Dear Carolyn • My boyfriend’s parents are against our relationship. My boyfriend (31) and I (26) have been on and off for three years, but have remained best friends since we met. He is from England, and they have a real problem with the idea of him settling in the Midwest. Also, he hasn’t had the best history with women; they usually walk all over him. I don’t think they will ever be OK with any woman he chooses. A while back, I wrote a letter to his mother, mostly to break the ice, but she didn’t even respond. We are moving in together in a couple of weeks and plan to marry sometime soon after. I want to start a family with this man. We are head-over-heels in love and have been fighting it for some time now because of them. Seriously, this is the kind of love Disney makes a movie about. I can’t walk away (we’ve tried), but it’s very difficult for me to imagine my children’s grandparents hating me. What do we do?
Dear A. • First on your to-do list: Understand. Appreciate their position. Disney’s rough on mothers. Imagine your someday child, imagine spending 31 years with vaguely pleasant hopes of a close relationship with that child and his family as an adult, imagine imagining what it will be like to hold your grandchild and watch him or her grow up. Now imagine putting all of that an eight-plus-hour, $1,000-plus flight away. Not everyone travels well or can afford it. Yes, people settle worlds away from their nuclear families all the time, always have, and have more ways to stay in touch now than ever — but it is still not unreasonable for your boyfriend’s parents to grieve their son’s decision to put down roots overseas. But it’s also not over, and that brings us to to-do list Item 2: Be patient. You may have been in this relationship for years, but the off-and-on nature of it allowed his parents to tell themselves it might not last — thus allowing them to postpone facing the reality of you. Now that you’re moving in and planning to marry, that starts the clock on their absolutely having to deal with it. Give them a chance to.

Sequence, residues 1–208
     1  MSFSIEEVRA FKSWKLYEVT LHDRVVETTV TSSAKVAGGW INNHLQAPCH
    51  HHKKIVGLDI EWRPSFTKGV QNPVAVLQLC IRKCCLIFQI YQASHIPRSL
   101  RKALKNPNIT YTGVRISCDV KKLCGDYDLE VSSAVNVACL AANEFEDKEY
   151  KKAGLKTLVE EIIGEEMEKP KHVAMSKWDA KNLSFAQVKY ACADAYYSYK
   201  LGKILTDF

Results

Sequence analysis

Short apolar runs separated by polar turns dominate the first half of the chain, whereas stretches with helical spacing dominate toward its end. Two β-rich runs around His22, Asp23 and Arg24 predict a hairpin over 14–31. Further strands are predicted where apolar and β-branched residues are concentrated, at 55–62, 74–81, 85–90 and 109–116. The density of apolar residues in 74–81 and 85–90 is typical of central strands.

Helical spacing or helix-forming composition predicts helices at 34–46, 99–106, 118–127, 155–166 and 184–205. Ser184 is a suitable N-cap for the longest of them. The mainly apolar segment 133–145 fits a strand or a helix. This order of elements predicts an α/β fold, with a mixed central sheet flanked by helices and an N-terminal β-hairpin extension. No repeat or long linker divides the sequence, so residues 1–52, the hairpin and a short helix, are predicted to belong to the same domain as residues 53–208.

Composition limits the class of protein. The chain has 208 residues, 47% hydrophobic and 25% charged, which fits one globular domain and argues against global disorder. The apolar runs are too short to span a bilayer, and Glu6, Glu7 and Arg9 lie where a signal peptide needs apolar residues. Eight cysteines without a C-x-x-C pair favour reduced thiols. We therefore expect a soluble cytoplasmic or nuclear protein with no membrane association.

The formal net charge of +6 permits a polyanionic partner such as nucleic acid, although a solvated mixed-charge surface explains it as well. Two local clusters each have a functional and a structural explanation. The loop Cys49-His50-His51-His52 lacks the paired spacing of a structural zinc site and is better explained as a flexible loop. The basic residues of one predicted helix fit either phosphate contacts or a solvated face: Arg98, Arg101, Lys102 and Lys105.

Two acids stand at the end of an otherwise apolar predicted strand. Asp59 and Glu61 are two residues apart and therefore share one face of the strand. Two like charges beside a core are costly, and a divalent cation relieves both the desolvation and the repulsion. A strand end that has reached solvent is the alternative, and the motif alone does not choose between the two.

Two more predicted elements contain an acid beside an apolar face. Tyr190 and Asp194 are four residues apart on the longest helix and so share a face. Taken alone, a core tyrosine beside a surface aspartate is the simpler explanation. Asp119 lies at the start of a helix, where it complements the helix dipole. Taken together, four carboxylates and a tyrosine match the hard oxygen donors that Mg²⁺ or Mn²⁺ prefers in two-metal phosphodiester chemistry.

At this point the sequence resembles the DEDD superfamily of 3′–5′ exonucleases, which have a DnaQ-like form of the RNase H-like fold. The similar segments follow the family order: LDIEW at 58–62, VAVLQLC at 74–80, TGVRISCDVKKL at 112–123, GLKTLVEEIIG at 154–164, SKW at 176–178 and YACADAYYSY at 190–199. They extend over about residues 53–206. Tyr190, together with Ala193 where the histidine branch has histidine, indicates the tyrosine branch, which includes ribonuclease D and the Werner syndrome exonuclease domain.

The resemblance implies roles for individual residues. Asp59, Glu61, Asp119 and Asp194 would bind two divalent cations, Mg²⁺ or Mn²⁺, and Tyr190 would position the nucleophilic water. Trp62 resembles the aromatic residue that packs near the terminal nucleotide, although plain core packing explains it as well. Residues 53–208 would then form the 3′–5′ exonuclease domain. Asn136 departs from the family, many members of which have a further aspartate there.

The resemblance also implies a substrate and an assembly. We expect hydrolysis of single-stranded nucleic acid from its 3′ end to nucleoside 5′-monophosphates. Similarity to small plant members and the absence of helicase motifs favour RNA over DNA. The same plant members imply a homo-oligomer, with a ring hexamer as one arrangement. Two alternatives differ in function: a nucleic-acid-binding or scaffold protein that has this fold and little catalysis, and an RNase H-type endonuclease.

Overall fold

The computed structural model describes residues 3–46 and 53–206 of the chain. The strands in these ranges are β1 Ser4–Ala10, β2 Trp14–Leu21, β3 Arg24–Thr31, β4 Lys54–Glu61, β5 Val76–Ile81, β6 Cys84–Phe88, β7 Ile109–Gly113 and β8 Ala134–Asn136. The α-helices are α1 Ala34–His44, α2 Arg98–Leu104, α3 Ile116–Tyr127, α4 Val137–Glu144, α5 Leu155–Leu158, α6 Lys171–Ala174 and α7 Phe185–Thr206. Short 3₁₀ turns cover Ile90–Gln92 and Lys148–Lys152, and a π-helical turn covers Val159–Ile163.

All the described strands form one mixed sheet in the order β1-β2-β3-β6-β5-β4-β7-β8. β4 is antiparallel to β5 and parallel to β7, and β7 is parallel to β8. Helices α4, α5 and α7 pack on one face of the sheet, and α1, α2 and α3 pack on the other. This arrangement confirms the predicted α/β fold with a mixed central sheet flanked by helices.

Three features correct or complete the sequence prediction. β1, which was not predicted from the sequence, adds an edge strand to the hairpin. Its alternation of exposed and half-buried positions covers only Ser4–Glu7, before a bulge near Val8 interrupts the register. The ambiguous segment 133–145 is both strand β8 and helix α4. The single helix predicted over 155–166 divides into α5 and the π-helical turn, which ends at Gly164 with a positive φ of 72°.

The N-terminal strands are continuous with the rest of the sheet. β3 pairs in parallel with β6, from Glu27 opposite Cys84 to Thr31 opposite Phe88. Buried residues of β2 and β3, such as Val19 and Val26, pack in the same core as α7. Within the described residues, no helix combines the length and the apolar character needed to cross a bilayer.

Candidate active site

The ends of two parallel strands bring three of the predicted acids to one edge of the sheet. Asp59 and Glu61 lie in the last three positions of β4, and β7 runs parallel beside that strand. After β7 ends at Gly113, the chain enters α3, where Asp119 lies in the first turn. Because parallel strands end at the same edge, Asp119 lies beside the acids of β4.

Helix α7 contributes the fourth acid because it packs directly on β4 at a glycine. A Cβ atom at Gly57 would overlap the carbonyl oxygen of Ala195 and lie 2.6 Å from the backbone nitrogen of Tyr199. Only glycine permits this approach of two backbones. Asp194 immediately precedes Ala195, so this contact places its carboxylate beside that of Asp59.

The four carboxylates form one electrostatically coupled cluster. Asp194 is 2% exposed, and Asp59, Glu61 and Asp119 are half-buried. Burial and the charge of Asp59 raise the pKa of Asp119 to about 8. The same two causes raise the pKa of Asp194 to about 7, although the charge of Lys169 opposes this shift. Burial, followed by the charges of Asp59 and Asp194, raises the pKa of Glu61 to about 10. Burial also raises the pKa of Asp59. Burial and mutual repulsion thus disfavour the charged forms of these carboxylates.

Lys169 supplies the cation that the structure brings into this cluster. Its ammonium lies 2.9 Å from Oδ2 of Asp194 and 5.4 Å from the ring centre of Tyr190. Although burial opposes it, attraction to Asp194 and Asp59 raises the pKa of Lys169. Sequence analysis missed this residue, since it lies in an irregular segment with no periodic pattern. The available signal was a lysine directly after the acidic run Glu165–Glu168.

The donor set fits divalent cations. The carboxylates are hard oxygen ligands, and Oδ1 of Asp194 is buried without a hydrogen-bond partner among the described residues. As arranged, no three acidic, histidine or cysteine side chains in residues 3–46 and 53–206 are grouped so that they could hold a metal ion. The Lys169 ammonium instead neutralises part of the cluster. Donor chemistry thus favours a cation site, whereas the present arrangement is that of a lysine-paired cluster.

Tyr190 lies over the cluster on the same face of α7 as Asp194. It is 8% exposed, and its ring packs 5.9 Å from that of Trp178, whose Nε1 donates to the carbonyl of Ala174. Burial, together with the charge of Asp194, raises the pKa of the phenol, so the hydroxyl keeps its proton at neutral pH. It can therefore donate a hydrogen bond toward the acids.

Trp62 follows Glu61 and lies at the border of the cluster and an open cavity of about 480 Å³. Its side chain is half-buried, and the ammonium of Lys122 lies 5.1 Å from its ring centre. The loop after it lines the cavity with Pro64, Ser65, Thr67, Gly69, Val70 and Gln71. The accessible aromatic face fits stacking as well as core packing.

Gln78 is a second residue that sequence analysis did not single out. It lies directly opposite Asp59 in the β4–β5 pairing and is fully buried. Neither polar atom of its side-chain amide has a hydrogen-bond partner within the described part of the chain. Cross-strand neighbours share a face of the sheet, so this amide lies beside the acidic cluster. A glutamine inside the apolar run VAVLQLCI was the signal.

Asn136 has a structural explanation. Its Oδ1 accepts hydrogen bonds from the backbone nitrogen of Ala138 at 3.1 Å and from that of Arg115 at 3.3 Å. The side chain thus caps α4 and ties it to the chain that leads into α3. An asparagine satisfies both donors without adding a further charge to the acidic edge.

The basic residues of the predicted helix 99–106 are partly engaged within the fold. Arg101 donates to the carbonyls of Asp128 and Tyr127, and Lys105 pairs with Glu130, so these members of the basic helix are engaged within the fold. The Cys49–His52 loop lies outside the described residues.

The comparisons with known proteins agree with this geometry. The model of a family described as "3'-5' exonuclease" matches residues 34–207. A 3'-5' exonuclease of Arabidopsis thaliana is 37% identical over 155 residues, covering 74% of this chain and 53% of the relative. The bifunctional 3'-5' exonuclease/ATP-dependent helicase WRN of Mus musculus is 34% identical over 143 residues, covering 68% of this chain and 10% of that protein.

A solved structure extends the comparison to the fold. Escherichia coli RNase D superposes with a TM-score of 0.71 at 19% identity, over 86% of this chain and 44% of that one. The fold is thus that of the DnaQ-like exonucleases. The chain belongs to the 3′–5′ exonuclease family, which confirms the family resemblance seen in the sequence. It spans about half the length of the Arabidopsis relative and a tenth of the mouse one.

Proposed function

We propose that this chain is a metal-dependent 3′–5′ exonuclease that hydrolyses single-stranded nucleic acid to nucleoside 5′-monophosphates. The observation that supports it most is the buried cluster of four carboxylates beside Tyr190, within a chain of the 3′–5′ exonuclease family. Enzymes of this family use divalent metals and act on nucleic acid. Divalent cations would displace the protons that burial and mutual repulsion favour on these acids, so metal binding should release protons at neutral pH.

Carolyn Hax’s column runs Mondays, Wednesdays and Fridays.
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